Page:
On Tuesday night, CNN aired one of the most important documentary specials of the year, "The Russian Connection: Inside the Attack on Democracy," which was reported by Jim Sciutto, CNN's chief national security correspondent and one of the best journalists on the national security beat.
The CNN special walked viewers through the chronology of the Russian conspiracy designed to undermine and discredit American democracy, attack Democratic presidential nominee and former Secretary of State Hillary ClintonHillary Diane Rodham ClintonDemocrats worry negative images are defining White House Heller won't say if Biden won election Whitmer trailing GOP challenger by 6 points in Michigan governor race: poll MORE and elect Donald Trump as president.
The CNN documentary equaled the best work of CBS News in the glory days of Edward R. Murrow and Walter Cronkite. It laid out, accurately and succinctly, the details of the Russian cyberattack on the American election in 2016, which is part of the larger Russian strategy of waging cyberwar against democratic nations throughout Europe and America.
These are challenging times for the free press. On one hand, there was, without doubt, a Russian conspiracy to elect Trump, which was orchestrated in secret and is now being investigated in highly-classified hearings in Congress and highly-classified investigations by the FBI and Special Counsel Robert Mueller.
On the other hand, America is governed by a president who has a disturbing habit of saying things that are not true, attacking and firing leaders of major investigations and using the language of dictators to attack the leading institutions of the free press, falsely accusing them of being enemies of the people.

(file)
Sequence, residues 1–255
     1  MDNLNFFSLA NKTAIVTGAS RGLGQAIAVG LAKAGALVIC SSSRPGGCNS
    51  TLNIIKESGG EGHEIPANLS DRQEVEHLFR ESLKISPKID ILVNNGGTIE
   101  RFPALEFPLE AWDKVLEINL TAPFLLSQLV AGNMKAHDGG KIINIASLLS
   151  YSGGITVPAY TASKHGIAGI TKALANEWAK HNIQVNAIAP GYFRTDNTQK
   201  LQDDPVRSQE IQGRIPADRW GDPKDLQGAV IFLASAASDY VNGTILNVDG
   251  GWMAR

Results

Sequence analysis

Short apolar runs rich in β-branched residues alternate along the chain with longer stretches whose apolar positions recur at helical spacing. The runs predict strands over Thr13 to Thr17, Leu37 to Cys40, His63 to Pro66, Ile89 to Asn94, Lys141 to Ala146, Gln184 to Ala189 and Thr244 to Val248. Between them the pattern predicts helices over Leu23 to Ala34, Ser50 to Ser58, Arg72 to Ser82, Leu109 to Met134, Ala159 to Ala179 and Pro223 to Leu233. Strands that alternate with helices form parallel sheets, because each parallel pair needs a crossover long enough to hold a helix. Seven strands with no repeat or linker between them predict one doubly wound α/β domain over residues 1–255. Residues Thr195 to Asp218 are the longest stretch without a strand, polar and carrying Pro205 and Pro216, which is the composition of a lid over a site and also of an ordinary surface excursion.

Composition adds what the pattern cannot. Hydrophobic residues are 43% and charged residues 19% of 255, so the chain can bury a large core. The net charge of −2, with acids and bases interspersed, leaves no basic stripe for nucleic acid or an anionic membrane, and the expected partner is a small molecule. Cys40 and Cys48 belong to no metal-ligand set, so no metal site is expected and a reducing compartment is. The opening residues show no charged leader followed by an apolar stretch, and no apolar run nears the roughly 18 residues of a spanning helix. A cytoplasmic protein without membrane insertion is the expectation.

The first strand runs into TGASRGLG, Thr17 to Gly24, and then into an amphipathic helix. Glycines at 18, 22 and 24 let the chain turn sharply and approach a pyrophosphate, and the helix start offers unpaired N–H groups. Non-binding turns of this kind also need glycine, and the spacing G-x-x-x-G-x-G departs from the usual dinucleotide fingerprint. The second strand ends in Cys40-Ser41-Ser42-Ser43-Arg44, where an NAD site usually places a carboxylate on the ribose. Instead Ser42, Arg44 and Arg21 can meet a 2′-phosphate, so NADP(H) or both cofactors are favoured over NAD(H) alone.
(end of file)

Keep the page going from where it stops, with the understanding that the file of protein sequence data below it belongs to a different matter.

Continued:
It is true that in one recent piece that ran on the CNN website, which had only one unnamed source, CNN got it wrong. It is equally true that once this became apparent, CNN stepped up to the plate, admitted the mistake, accepted the resignation of those who made it, reiterated its strong editorial standards and ensured that procedures are in place to prevent mistakes from happening in the future.
How many times have President TrumpDonald TrumpGraham says he hopes that Trump runs again Trump says Stacey Abrams 'might be better than existing governor' Kemp Executive privilege fight poses hurdles for Trump MORE, Press Secretary Sean Spicer, or others in the administration publicly made statements that were proven false and then stepped up to the plate the way CNN did?
Above all, it is true that virtually all of the major reports on scandals that surround the Trump administration from CNN, the Washington Post the New York Times and other major news organizations have stood the tests of truth and time.
The CNN special documentary about the Russian connection was one of many shining examples of first-rate journalism that have been produced by CNN and other key news organizations. Everyone at CNN, the Washington Post, the New York Times and others who produce first-rate journalism under difficult circumstances should be proud of their work, which serves our country and elevates the profession of journalism.
America and Western democracy are under sustained attack from a Russian dictator that seeks to dominate and discredit democracy through infowar, cyberwar and Cold War-style espionage.
The president should be more interested in finding out the truth and punishing the guilty — assuming he and his close advisors are innocent of any potential wrongdoing — than attacking the free press and appearing at times to be more interested in covering up the crime or pretending it did not happen.
CNN and the other bastions of the free press are not the enemies of the people, they are the friends of facts and truth that protect our democracy. They should keep up their good work, which they surely will. America is under attack from a hostile foreign power and needs our great free press more than ever.
Brent Budowsky was an aide to former Sen. Lloyd Bentsen (D-Texas) and former Chief Deputy Majority Whip Bill Alexander (D-Ark.). He holds an LL.M. degree in international financial law from the London School of Economics. He is a longtime regular columnist for The Hill and can be contacted at email@example.com.
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